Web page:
JOHANNESBURG – Former South African president Jacob Zuma’s son Duduzane has pleaded not guilty in a Johannesburg court to culpable homicide and negligent driving relating to a fatal car accident in 2014.
Duduzane appeared in the Randburg Magistrate’s Court on Tuesday.
Driving a Porsche sports car, Duduzane crashed into a minivan taxi on a highway near Sandton in Johannesburg in February 2014, killing one young woman, Mekelina Dube, and injuring another woman who later died in hospital.
Duduzane, now 35, was charged last year with two counts of culpable homicide – South Africa’s equivalent of manslaughter -and one count of negligent driving in the accident.
Prosecutors later withdrew one count of culpable homicide because the second woman’s death was linked to natural causes, not the accident, according to a report from a pathologist.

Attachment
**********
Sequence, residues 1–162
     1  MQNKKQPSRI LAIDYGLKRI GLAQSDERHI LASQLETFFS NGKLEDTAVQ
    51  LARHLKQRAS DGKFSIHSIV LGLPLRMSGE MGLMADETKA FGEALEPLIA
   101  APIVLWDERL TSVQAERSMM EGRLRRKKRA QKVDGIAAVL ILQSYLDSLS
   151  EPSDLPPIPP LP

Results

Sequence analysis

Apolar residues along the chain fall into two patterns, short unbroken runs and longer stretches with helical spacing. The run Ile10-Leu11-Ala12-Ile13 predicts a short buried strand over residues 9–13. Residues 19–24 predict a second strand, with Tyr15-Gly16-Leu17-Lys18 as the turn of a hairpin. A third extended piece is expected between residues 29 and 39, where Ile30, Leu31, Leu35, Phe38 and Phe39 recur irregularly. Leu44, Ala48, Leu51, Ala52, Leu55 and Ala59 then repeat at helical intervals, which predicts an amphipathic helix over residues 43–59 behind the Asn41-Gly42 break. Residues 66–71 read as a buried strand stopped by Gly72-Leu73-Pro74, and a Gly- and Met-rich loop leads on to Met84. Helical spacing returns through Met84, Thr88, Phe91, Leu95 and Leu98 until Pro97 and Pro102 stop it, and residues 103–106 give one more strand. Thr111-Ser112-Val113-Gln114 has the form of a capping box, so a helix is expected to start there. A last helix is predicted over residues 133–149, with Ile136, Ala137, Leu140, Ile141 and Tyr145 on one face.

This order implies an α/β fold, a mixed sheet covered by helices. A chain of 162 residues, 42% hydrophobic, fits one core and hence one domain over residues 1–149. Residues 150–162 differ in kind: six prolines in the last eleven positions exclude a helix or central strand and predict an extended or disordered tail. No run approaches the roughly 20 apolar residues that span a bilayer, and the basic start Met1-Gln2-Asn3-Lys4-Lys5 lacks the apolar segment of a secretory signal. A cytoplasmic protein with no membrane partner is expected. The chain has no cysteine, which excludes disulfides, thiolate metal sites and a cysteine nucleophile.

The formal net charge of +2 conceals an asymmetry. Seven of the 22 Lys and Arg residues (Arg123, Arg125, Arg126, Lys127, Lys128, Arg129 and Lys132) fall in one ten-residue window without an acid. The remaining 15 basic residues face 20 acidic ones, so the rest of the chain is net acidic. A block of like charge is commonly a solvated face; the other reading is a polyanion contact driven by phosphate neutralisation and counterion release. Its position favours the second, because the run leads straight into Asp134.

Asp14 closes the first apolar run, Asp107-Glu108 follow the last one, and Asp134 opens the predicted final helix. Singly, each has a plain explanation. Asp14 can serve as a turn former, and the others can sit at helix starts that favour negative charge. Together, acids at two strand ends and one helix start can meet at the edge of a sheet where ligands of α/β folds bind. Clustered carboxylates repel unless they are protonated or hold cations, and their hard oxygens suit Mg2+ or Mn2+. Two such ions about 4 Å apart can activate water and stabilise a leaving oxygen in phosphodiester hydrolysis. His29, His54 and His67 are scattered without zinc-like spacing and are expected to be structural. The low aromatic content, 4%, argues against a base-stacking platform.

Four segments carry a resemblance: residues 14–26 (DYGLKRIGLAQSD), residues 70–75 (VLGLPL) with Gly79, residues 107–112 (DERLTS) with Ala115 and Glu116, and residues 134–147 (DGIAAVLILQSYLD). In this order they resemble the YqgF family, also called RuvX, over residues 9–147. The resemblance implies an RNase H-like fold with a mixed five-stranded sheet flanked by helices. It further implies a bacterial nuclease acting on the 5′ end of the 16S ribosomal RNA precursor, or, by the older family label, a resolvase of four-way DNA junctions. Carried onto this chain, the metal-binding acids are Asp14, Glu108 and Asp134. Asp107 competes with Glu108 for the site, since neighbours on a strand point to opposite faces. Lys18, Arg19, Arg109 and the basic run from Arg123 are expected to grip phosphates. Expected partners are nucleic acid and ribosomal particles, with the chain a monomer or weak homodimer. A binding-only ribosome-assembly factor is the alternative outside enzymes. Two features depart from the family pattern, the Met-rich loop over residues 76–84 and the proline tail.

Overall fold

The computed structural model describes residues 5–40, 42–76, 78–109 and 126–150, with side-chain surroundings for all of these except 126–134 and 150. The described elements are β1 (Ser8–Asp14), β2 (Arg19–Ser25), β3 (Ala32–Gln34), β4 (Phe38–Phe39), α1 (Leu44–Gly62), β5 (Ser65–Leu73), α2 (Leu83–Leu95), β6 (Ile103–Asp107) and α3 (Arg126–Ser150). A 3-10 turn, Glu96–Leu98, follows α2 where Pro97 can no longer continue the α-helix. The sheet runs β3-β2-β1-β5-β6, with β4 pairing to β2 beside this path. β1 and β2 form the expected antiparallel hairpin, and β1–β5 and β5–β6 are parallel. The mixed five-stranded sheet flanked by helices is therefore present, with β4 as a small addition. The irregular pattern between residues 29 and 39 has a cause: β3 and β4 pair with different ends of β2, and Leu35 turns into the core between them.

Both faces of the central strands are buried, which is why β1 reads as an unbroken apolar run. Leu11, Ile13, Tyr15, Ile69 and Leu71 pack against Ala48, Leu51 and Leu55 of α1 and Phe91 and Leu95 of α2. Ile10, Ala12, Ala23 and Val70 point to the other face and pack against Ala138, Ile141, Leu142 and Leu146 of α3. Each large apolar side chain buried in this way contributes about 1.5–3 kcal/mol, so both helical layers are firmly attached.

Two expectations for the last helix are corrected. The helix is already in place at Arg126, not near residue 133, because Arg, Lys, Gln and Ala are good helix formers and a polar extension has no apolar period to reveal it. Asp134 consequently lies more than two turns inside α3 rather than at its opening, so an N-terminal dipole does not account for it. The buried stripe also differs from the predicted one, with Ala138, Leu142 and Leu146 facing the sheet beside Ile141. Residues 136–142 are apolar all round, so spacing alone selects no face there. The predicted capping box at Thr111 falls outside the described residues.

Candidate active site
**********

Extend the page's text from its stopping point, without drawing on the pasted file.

Culpable homicide carries a sentence of up to 15 years in prison and no prescribed minimum sentence.
Duduzane initially avoided prosecution over the accident after the National Prosecuting Authority (NPA) decided in 2015 not to charge him.
However, the NPA reversed its decision last year after AfriForum, a rights group, threatened to privately prosecute Zuma.
The change of decision also came shortly after Duduzane’s father was ousted as president of South Africa.
Elias Maangwale, Senior Investigator at AfriForum’s Private Prosecution Unit, accompanied and assisted the Dube family – mother Edina and brother Pedzisane – during the court proceedings.
Today AfriForum said that Duduzane’s appearance in the Randburg Magistrate’s Court is not only a victory for the Dube family, Adv. Gerrie Nel and AfriForum, but also for everyone in the country who supports the principle of equality before the law.
AfriForum CEO Kallie Kriel commended the Dube family for being willing to insist on prosecution taking place and indicated that AfriForum will continue to support the family in this case.
Maangwale said: “AfriForum’s Private Prosecution Unit cannot allow persons such as Duduzane Zuma to escape prosecution merely because he is being protected due to political connections.”
Sources: Reuters and AfriForum. Reporting byS hafiek Tassiem/Reuters; Editing by Susan Fenton/Reuters and Jenni Baxter/SAPeople)